About this course
The use and availability of materials has shaped our society for centuries. From the bronze and iron ages of the past, to the silicon age of the present, material science has driven technological and societal changes. Materials of the present are increasingly formed from polymers as building block. This course will present an inspiring overview of the state-of-the-art in designer materials, ranging from the latest advances in DNA nanotechnology, biotechnology, and polymer engineering; for example: the use of biobased building blocks to new materials such as ultra-tough polymers and adhesives, and development of novel medical materials. For all of these topics, we seek inspiration from Nature, to learn how Nature designs its functional (nano)materials and extract design principles to work towards synthetic materials with new and unique properties, designed from the bottom up. To do so, this interdisciplinary course, will encompass aspects from chemistry, material physics, engineering, biotechnology and biology. In addition to the lectures by teachers working at the frontiers of this field, you will work in groups on designing your own material of the future. A special focus will be put on communicating your design to the world through new (social) media approaches.
After successful completion of this course students are expected to be able to:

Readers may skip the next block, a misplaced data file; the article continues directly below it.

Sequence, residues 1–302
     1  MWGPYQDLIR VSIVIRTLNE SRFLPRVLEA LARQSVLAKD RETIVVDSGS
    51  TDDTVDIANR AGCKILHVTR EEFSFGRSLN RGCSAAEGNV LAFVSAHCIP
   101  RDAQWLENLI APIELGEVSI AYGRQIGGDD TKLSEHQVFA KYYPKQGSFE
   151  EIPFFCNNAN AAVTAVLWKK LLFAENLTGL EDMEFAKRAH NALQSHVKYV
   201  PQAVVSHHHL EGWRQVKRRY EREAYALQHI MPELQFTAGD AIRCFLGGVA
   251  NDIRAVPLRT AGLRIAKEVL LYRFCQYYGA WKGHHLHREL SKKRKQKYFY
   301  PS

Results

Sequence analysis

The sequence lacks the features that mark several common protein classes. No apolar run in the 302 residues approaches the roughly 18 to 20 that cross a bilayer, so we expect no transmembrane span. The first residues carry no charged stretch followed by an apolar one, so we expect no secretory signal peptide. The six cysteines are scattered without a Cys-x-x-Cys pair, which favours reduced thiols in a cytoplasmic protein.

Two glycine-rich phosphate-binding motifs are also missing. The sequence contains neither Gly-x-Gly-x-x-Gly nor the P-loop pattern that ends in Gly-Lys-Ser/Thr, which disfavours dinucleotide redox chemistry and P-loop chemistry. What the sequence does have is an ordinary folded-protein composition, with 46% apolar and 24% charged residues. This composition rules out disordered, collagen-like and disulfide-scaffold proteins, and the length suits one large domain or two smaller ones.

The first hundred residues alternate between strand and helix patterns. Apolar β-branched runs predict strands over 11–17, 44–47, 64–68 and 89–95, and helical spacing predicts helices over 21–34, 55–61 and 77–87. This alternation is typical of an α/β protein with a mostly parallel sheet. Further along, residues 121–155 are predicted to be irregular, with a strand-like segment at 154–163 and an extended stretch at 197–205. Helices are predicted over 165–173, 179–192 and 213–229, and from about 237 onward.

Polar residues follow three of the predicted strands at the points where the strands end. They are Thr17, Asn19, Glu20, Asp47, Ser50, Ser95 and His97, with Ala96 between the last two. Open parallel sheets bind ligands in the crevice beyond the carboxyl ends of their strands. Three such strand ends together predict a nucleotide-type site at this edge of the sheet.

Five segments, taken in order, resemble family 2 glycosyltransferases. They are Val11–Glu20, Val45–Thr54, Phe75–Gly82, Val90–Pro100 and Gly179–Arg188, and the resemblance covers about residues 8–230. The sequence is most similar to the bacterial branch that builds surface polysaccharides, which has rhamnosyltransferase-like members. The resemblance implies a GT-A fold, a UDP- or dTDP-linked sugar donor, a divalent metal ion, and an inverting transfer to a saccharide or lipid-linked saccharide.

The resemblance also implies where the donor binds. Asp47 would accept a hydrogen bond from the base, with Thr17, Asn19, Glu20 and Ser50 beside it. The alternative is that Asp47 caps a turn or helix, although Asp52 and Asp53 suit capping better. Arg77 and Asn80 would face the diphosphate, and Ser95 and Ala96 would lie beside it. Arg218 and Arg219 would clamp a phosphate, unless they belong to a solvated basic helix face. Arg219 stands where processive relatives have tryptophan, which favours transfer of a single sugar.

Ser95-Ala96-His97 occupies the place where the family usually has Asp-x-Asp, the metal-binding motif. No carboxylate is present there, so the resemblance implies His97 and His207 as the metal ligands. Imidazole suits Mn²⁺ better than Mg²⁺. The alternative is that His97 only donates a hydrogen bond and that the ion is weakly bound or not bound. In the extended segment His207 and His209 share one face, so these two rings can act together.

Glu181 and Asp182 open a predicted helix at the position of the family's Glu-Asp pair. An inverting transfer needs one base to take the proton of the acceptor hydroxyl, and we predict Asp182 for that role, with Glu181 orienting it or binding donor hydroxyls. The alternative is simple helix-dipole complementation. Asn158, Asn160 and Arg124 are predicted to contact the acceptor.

- understand design strategies developed by Nature to build functional cellular structures;
- describe and apply basic material design concepts used in biological science and material science, such as structure-function relationships;
- describe and apply molecular design strategies, including genetic engineering, controlled polymerisations, biomass conversion and colloid synthesis approaches;
- identify how material science can contribute to the societal challenges of today, including sustainability issues, biobased economy and green energy;
- evaluate the challenges of the future at the interface between biological science and material science using the knowledge of bottom-up design strategies;
- create a design for new materials from the molecular level up using the knowledge of design concepts and societal challenges;
- communicate your scientific work to the world using new media;
- being receptive to influences and insights provided by group members.